The respiratory system consists of specific organs and structures used for gas exchange in animals and plants. The anatomy and physiology that make this happen varies greatly, depending on the size of the organism, the environment in which it lives and its evolutionary history. In land animals the respiratory surface is internalized as linings of the lungs. Gas exchange in the lungs occurs in millions of small air sacs; in mammals and reptiles these are called alveoli, and in birds they are known as atria. These microscopic air sacs have a very rich blood supply, thus bringing the air into close contact with the blood. These air sacs communicate with the external environment via a system of airways, or hollow tubes, of which the largest is the trachea [windpipe], which branches in the middle of the chest into the two main [or primary] bronchi. These enter the lungs where they branch into progressively narrower secondary and tertiary bronchi that branch into numerous smaller tubes, the bronchioles. In birds the bronchioles are termed parabronchi. It is the bronchioles, or parabronchi that generally open into the microscopic alveoli in mammals and atria in birds. Air has to be pumped from the environment into the alveoli or atria by the process of breathing which involves the muscles of respiration.
MES Note: Respiration is the movement of oxygen from the outside environment to the cells within tissues, and the removal of carbon dioxide in the opposite direction.
Breathing (or ventilation) is the process of moving air out and in the lungs to facilitate gas exchange with the internal environment, mostly to flush out carbon dioxide and bring in oxygen.
In precise usage, the words breathing and ventilation are hyponyms, not synonyms, of respiration; but this prescription is not consistently followed, even by most health care providers, because the term respiratory rate (RR) is a well-established term in health care, even though it would need to be consistently replaced with ventilation rate if the precise usage were to be followed.
Hyponymy (from Greek ὑπό, hupó, "under", and ὄνυμα, ónuma, "name") is a semantic relation between a hyponym denoting a subtype and a hypernym or hyperonym denoting a supertype.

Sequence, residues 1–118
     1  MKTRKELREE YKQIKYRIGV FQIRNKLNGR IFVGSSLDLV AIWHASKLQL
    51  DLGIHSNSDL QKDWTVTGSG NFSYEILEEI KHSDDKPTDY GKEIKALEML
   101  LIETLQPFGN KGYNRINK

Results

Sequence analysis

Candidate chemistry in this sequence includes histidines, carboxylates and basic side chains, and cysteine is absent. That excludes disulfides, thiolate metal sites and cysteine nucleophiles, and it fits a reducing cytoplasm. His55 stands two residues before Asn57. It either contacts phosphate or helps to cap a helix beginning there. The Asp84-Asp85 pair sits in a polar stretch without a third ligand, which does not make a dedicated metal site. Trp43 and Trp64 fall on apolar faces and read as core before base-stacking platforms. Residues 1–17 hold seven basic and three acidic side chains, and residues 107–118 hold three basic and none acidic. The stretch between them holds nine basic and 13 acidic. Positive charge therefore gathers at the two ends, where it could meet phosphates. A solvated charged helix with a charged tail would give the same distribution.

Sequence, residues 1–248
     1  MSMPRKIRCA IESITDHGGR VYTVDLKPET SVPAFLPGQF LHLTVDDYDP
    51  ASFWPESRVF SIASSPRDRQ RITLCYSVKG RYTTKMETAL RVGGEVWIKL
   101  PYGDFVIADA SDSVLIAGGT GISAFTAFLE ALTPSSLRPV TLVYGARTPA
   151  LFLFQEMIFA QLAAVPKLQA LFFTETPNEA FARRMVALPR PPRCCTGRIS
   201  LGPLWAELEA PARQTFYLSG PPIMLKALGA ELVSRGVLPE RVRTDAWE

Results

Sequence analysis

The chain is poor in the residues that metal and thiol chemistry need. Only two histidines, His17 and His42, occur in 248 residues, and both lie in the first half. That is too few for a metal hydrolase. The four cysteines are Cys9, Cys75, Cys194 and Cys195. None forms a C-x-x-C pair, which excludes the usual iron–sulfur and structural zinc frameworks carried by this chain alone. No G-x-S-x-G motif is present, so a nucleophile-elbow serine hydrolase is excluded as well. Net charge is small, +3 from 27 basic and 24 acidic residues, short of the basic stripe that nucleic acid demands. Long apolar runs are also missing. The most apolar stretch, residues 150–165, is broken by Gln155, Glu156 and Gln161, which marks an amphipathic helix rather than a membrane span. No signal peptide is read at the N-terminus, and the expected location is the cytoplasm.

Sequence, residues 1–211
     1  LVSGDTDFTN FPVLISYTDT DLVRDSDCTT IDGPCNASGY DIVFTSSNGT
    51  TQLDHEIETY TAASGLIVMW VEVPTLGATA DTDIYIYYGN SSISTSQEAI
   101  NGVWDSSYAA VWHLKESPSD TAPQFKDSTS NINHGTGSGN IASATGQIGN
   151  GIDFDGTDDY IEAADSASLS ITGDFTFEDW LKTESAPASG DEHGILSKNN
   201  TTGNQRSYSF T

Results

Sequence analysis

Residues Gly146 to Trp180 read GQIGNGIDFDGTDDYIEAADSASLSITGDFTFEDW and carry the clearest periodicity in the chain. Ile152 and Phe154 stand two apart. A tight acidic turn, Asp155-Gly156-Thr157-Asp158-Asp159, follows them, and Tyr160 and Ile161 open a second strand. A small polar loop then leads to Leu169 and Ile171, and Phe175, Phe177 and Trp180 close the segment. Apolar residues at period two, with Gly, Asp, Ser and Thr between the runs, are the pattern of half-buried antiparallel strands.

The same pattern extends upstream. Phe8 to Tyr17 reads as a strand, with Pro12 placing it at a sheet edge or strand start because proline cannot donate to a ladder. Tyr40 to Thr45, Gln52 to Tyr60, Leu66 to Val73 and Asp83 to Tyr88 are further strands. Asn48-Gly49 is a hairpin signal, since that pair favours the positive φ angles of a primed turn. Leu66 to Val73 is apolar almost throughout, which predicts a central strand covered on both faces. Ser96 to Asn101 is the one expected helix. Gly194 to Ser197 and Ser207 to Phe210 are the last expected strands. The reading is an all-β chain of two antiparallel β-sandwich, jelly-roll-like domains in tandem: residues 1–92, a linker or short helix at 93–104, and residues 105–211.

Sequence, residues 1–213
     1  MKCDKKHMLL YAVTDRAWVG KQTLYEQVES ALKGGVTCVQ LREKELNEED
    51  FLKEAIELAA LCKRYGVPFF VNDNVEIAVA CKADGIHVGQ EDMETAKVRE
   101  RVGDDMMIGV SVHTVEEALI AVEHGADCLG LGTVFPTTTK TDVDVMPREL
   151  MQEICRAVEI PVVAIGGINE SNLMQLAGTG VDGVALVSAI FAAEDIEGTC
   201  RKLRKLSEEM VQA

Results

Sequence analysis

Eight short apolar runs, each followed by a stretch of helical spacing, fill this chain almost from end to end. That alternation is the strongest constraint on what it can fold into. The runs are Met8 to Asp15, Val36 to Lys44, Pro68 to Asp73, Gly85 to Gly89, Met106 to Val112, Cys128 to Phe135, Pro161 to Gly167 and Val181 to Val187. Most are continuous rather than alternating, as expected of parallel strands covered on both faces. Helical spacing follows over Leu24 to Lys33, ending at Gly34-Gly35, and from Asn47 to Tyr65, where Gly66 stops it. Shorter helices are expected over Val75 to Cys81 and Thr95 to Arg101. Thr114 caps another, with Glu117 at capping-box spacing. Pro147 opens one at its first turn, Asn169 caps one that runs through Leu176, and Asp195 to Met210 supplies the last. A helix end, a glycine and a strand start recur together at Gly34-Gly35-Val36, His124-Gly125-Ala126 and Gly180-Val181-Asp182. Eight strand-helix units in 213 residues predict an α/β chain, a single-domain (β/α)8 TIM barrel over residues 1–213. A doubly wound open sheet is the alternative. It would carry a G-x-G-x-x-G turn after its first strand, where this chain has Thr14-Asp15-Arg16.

The lungs are the primary organs of the respiratory system in humans and most animals including a few fish, and some snails.
In anatomy, a nasal concha, plural conchae), also called a nasal turbinate or turbinal, is a long, narrow, curled shelf of bone that protrudes into the breathing passage of the nose in humans and various animals. The conchae are shaped like an elongated seashell, which gave them their name (Latin concha from Greek κόγχη). A concha is any of the scrolled spongy bones of the nasal passages in vertebrates.
The human lungs flank the heart and great vessels in the chest cavity
Figure: Gross Anatomy of the Lungs
Conducting passages of the human respiratory system
The larynx, commonly called the voice box, is an organ in the top of the neck involved in breathing, producing sound and protecting the trachea against food aspiration [suction into airways].
The bronchi are conducting passages for air found in the lungs.
The pulmonary veins are the veins that transfer oxygenated blood from the lungs to the heart.
A pulmonary artery is an artery in the pulmonary circulation that carries deoxygenated blood from the right side of the heart to the lungs.
Veins are blood vessels in humans, and most other animals that carry blood towards the heart. Most veins carry deoxygenated blood from the tissues back to the heart; exceptions are the pulmonary and umbilical veins, both of which carry oxygenated blood to the heart. In contrast to veins, arteries carry blood away from the heart.
An artery (plural arteries) (from Greek ἀρτηρία (artēríā) 'windpipe, artery') is a blood vessel in humans and most other animals that takes blood away from the heart to one or more parts of the body (tissues, lungs, brain etc.). Most arteries carry oxygenated blood; the two exceptions are the pulmonary and the umbilical arteries, which carry deoxygenated blood to the organs that oxygenate it (lungs and placenta, respectively).
The umbilical vein is a vein present during fetal development that carries oxygenated blood from the placenta into the growing fetus.
The umbilical artery is a paired artery (with one for each half of the body) that is found in the abdominal and pelvic regions. In the fetus, it extends into the umbilical cord. The umbilical arteries supply deoxygenated blood from the fetus to the placenta. Although this blood is typically referred to as deoxygenated, it is important to note that this blood is fetal systemic arterial blood and will have the same amount of oxygen and nutrients as blood distributed to the other fetal tissues.
Fetal circulation; the umbilical vein is the large, red vessel at the far left. The umbilical arteries are purple and wrap around the umbilical vein.
In placental mammals, the umbilical cord (also called the navel string, birth cord or funiculus umbilicalis) is a conduit between the developing embryo or fetus and the placenta. During prenatal development [fertilization to birth], the umbilical cord is physiologically and genetically part of the fetus and (in humans) normally contains two arteries (the umbilical arteries) and one vein (the umbilical vein), buried within Wharton's jelly [a gelatinous substance within the umbilical cord].
Cross section of the umbilical cord.
The allantois (plural allantoides or allantoises) is a hollow sac-like structure filled with clear fluid that forms part of a developing amniote's [tetrapod vertebrates] conceptus (which consists of all embryonic and extra-embryonic tissues). It helps the embryo exchange gases and handle liquid waste.
Umbilical cord of a three-minute-old baby. A medical clamp has been applied.